qplot(Sepal.Length, Petal.Length, data = iris)
# Plot Sepal.Length vs. Petal.Length, using data from the `iris` data frame.
#To see where each species is located in this graph, we can color each point by adding a `color = Species` argument.
qplot(Sepal.Length, Petal.Length, data = iris, color = Species) # dude!
#Similarly, we can let the size of each point denote sepal width, by adding a `size = Sepal.Width` argument.
qplot(Sepal.Length, Petal.Length, data = iris, color = Species, size = Petal.Width)
# We see that Iris setosa flowers have the narrowest petals.
qplot(Sepal.Length, Petal.Length, data = iris, color = Species, size = Petal.Width, alpha = I(0.7))
# By setting the alpha of each point to 0.7, we reduce the effects of overplotting.
#Finally, let's fix the axis labels and add a title to the plot.
qplot(Sepal.Length, Petal.Length, data = iris, color = Species,
xlab = "Sepal Length", ylab = "Petal Length",
main = "Sepal vs. Petal Length in Fisher's Iris data")
## Other common geoms
#In the scatterplot examples above, we implicitly used a *point* **geom**, the default when you supply two arguments to `qplot()`.
# These two invocations are equivalent.
qplot(Sepal.Length, Petal.Length, data = iris, geom = "point")
qplot(Sepal.Length, Petal.Length, data = iris)
#But we can easily use other types of geoms to create other kinds of plots.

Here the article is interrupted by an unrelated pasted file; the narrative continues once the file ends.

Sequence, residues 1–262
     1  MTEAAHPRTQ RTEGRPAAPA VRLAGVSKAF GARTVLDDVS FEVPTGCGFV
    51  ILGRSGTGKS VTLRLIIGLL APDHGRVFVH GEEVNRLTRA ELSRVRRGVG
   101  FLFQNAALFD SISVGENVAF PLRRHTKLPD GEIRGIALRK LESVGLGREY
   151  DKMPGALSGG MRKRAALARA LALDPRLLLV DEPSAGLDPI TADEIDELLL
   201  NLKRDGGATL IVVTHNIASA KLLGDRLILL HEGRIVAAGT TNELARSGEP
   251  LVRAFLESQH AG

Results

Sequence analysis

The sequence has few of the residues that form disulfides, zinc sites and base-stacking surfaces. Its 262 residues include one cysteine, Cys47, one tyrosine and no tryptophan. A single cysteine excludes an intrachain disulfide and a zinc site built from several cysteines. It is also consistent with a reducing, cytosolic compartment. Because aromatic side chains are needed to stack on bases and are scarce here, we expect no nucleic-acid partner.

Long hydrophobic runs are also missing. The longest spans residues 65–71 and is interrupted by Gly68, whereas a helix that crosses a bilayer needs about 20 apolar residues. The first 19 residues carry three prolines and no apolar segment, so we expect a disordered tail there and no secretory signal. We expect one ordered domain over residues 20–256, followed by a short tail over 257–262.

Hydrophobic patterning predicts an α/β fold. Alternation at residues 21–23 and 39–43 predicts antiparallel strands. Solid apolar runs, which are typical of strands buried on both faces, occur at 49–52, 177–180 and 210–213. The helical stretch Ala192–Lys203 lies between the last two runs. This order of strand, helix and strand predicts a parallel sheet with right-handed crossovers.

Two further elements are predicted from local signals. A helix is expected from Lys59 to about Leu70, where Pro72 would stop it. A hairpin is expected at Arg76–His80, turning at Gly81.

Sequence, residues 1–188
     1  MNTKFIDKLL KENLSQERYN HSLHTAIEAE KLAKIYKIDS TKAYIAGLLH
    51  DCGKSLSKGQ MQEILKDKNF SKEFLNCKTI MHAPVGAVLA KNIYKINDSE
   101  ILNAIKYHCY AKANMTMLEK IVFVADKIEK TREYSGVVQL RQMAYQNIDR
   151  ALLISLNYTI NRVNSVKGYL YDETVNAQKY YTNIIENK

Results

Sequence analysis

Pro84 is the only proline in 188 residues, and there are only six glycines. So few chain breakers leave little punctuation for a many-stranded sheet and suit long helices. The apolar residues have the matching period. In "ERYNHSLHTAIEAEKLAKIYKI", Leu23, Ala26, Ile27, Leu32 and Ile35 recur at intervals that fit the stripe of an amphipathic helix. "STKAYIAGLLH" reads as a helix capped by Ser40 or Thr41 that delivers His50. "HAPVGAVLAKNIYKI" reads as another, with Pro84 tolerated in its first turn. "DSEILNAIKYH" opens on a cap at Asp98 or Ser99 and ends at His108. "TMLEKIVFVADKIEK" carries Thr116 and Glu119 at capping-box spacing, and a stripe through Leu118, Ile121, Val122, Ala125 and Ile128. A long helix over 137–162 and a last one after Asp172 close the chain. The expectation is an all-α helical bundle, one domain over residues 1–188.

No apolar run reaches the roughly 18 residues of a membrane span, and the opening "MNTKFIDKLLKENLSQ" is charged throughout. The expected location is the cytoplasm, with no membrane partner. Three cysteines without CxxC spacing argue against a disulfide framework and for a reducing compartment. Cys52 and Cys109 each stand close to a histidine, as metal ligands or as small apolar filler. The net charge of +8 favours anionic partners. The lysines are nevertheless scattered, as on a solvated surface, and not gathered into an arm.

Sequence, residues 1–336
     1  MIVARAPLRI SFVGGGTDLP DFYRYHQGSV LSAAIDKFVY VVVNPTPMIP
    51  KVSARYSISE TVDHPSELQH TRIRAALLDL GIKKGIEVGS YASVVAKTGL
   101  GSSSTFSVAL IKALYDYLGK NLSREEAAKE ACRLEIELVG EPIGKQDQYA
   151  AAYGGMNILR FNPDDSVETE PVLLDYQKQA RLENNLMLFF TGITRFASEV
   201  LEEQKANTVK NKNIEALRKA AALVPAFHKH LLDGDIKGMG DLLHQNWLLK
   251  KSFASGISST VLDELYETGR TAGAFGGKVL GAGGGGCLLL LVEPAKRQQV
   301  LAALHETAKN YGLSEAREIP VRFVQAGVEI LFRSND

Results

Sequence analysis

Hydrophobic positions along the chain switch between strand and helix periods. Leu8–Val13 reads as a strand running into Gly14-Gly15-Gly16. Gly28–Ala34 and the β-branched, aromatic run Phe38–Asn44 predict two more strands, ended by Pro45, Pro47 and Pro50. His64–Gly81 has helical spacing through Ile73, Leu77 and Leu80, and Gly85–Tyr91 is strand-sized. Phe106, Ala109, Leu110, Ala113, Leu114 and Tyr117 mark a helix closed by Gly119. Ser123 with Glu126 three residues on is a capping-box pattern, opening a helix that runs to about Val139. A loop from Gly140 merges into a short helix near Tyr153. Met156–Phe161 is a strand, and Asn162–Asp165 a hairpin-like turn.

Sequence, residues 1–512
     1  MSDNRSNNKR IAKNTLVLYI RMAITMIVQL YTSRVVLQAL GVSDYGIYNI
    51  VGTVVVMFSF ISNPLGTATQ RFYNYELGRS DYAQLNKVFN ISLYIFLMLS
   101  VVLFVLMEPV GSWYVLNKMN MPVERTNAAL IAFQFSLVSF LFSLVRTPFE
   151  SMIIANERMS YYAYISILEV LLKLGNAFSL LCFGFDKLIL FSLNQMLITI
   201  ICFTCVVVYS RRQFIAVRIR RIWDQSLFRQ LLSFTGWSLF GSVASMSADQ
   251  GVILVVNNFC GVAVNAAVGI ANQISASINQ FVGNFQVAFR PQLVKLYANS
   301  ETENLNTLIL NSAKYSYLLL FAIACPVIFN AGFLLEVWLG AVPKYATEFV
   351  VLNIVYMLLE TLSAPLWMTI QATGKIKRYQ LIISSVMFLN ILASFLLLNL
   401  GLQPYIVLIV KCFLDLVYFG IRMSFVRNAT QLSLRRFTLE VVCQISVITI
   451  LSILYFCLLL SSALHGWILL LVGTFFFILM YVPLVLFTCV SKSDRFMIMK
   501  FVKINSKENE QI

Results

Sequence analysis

### Barcharts: geom = "bar"
movies = data.frame(
director = c("spielberg", "spielberg", "spielberg", "jackson", "jackson"),
movie = c("jaws", "avatar", "schindler's list", "lotr", "king kong"),
minutes = c(124, 163, 195, 600, 187)
# Plot the number of movies each director has.
qplot(director, data = movies, geom = "bar", ylab = "# movies")
# By default, the height of each bar is simply a count.
# But we can also supply a different weight.
# Here the height of each bar is the total running time of the director's movies.
qplot(director, weight = minutes, data = movies, geom = "bar", ylab = "total length (min.)")
### Line charts: geom = "line"
qplot(Sepal.Length, Petal.Length, data = iris, geom = "line", color = Species)
# Using a line geom doesn't really make sense here, but hey.
# `Orange` is another built-in data frame that describes the growth of orange trees.
qplot(age, circumference, data = Orange, geom = "line",
colour = Tree,
main = "How does orange tree circumference vary with age?")
# We can also plot both points and lines.
qplot(age, circumference, data = Orange, geom = c("point", "line"), colour = Tree)
# Next Steps
#In this post, I skipped over a lot of aspects of R and ggplot2.
#For example,
#* There are many geoms (and other functionalities) in ggplot2 that I didn't cover, e.g., [boxplots]( and [histograms](
#* I didn't talk about ggplot2's layering system, or the [grammar of graphics]( it's based on.
#So I'll end with some additional resources on R and ggplot2.
#* I don't use it myself, but [RStudio]( is a popular IDE for R.
#* The [official ggplot2 documentation]( is great and has lots of examples. There's also an excellent [book](
#* [plyr]( is another fantastic R package that's also by Hadley Wickham (the author of ggplot2).
#* The [official R introduction]( is okay, but definitely not great. I haven't found any R tutorials I really like, but I've heard good things about [The Art of R Programming](
#Edwin Chen :: [@edchedch](!/edchedch) :: [](